Nicodeamus

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I didn't say it applied to all education/engineers/tradesmen :rolleyes:
It's not like we have a generational career path in Nuclear Engineering, where Dad was one and his daughter got vocational training to be one.

There are a lot of qualified engineers who have had a lifetime of experience being Tradesmen (civil,electrical,mechanical), who were then qualified engineers after submitting their many years of work to a University and getting their degree at age 50 or 60, but have a lifetime of work on par with other engineers.

Yes, the excuses exists, but you will find those people also don't succeed at their careers. It comes down to attitude and willingness to learn continuously. That's not something everyone has, including university graduates.

As I said quite specifically, this was my fathers experiences and that's all I relayed. Not a universal solution to life the universe and everything. ;)

The point is that they only qualify after going through the theoretical concepts. The reason in the case of civil engineering is that we require a certain amount of in-depth theoretical knowledge to be trusted with public safety. Structural analysis is complicated and an on-site experience is simply not going to cut it.
 

cguy

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My father told me this after getting his Engineering Degree and ended up being appointed to a position where he was eventually hiring engineers for the department.

Getting a degree is like getting an education on how a ship is built, why it was built that way, what to use to build a ship and how everything works together. However, the knowledge does not equate to skill in sailing the ship, even though the degree'd person has all the requisite knowledge.

The trademan who goes into the profession from school (or earlier) and likely follow in some kind of mentorship (father, uncle, brother etc). This person will be highly skilled in running the ship and have certain intuitive understandings about running the ship that an engineer will not have.

Pound for pound, a newbie artisan who has worked for the numbers of years the engineer has studied, is far more value out of the blocks than a university graduate. They have an eagerness to learn, a humility that comes with being a student all the time and often come up with solutions that work that don't fit within the framework of education.

Apparently you need a degree to sail a ship (as a Captiain - or at least it is highly recommended). It also typically takes many years to get to the requisite seniority level to become a captain. If you are talking about a lower level position, then sure, a trained artisan would be pretty capable, but it will be a relatively low level job.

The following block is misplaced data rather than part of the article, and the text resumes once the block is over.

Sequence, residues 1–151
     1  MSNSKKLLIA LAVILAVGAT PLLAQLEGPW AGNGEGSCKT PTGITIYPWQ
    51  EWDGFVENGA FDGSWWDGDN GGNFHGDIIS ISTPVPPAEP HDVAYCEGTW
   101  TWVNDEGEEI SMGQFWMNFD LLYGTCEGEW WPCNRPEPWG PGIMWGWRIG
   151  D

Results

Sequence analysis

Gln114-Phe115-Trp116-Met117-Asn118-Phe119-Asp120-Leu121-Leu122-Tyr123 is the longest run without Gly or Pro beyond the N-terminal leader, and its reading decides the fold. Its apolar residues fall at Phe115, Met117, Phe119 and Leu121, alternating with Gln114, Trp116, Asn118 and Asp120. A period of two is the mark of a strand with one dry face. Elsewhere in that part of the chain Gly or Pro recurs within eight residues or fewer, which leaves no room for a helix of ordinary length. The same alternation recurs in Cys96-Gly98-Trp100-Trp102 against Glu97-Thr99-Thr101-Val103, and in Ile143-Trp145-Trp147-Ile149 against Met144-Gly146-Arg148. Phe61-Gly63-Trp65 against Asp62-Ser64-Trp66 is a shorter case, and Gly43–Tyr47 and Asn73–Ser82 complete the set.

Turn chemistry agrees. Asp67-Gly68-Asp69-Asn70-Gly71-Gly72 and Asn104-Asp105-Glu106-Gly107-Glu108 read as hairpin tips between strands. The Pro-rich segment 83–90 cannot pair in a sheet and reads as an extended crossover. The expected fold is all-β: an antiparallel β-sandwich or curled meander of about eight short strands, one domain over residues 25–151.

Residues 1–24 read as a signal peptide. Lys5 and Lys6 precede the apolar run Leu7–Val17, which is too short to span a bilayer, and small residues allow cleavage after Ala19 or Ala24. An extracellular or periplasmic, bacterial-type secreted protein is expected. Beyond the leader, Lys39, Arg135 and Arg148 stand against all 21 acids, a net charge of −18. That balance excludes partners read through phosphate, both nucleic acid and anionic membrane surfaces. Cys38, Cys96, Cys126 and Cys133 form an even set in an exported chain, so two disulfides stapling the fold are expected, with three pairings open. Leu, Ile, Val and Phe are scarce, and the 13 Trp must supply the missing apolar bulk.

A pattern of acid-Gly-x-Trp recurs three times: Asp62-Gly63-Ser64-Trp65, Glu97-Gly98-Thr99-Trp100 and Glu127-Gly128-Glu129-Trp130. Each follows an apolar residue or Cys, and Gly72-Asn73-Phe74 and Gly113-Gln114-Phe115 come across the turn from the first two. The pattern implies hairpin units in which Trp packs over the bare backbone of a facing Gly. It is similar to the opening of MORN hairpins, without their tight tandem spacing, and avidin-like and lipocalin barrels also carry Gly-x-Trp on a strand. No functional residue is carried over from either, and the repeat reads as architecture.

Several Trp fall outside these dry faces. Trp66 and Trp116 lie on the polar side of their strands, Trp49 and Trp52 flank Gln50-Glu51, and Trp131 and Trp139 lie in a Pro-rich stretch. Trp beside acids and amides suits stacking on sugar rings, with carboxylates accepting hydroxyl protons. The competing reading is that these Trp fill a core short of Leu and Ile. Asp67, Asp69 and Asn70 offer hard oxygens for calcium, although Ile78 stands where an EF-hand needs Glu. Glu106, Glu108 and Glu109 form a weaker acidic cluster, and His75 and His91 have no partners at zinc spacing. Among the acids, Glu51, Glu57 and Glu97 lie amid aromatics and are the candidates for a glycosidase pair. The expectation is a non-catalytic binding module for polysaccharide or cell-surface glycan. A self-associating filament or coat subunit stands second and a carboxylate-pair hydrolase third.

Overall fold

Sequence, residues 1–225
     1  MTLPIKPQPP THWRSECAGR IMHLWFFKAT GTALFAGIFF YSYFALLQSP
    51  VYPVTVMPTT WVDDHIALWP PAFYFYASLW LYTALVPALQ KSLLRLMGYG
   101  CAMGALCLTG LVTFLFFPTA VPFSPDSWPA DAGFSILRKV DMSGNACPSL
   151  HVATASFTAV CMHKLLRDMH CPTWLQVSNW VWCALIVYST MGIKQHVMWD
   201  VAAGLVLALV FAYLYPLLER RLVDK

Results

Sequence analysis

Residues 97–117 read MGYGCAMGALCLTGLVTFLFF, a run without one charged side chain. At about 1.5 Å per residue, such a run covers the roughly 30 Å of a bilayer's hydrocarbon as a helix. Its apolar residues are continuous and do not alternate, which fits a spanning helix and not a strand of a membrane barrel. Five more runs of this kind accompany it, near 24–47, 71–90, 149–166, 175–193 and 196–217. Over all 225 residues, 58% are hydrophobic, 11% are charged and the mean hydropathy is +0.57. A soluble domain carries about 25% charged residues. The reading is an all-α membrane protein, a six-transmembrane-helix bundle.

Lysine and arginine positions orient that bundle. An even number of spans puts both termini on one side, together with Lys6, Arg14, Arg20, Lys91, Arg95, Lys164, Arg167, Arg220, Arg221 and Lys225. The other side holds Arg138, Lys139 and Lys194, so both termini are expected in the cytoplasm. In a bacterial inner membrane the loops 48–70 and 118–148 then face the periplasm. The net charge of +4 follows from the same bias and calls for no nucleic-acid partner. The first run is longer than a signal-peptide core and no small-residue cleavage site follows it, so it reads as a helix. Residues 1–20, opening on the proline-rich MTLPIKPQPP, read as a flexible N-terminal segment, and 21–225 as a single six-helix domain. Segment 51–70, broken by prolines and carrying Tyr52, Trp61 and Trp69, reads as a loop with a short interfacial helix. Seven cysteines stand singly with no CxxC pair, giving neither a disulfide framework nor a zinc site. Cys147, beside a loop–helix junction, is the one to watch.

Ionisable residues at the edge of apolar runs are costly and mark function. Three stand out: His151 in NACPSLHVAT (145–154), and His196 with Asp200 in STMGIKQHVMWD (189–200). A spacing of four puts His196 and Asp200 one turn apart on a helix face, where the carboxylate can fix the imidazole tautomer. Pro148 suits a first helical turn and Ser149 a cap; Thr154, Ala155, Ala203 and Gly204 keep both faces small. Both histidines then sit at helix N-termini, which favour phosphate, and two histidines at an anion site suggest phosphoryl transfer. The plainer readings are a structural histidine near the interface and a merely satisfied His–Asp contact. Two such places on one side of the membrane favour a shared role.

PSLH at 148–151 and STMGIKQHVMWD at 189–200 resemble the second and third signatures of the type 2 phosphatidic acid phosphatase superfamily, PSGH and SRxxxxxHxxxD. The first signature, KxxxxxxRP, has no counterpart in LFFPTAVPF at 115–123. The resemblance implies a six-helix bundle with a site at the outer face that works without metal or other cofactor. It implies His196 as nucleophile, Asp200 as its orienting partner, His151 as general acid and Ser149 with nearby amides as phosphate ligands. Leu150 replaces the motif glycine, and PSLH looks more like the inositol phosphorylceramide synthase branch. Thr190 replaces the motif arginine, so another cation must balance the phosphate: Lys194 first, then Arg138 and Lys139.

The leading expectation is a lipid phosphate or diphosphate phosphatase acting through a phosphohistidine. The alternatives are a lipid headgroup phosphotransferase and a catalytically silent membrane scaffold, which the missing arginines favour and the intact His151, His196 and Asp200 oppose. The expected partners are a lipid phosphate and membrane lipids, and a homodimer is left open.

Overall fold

https://www.cruiseaway.com.au/blog/cruise-news/cruise-ship-captain/
https://study.com/become_a_ship_captain.html

I do get your point here, but the type of work a degreed worker does is typically different to the type of work a non-degreed worker does. It's just a different education for different professions. In some areas of some professions (e.g., definitely some parts of IT and engineering), training can replace a degree qualification, but generally this is not the case. In unregulated fields (e..g, parts of IT), of course anyone with enough drive can cover the requisite coursework themselves, but then they may as well do a degree (which is specifically designed to convey and test this).

That's not to say a degree is not valuable, because after a certain amount of time, a good engineer who unlearns certain aspects of education, removes the "ego" of having a degree, will eventually become the master of the tradesman because of the superior background of knowledge.
However, a Tradesman given the drive of continuous learning can equal a qualified engineer of equal years in most cases.

The "ego" of having a degree? I don't think this is something that is degree specific, but rather person specific. I see a similar situation from some people who don't know what they don't know from those without degrees (and still some with the degrees). I found doing a PhD to be a great exercise in finally discovering how much one doesn't know.

A good quote from "The Resident" - "Medical schools are great at teaching you many ways how to save a patient, what they don't teach you is how many ways there are to harm one"
I find this to be true of most education.

I'm pretty sure the doctors would be harming more people without education. ;)
 
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cguy

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There are a lot of qualified engineers who have had a lifetime of experience being Tradesmen (civil,electrical,mechanical), who were then qualified engineers after submitting their many years of work to a University and getting their degree at age 50 or 60, but have a lifetime of work on par with other engineers.

Any links to this? I have never met anyone who has gotten their engineering degree this way.
 

cguy

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South Africa has a really archaic belief that managers should always be paid more than the people they manage. So the only way for a technical person to truly excel is to leave the country where the corporate culture is more mature.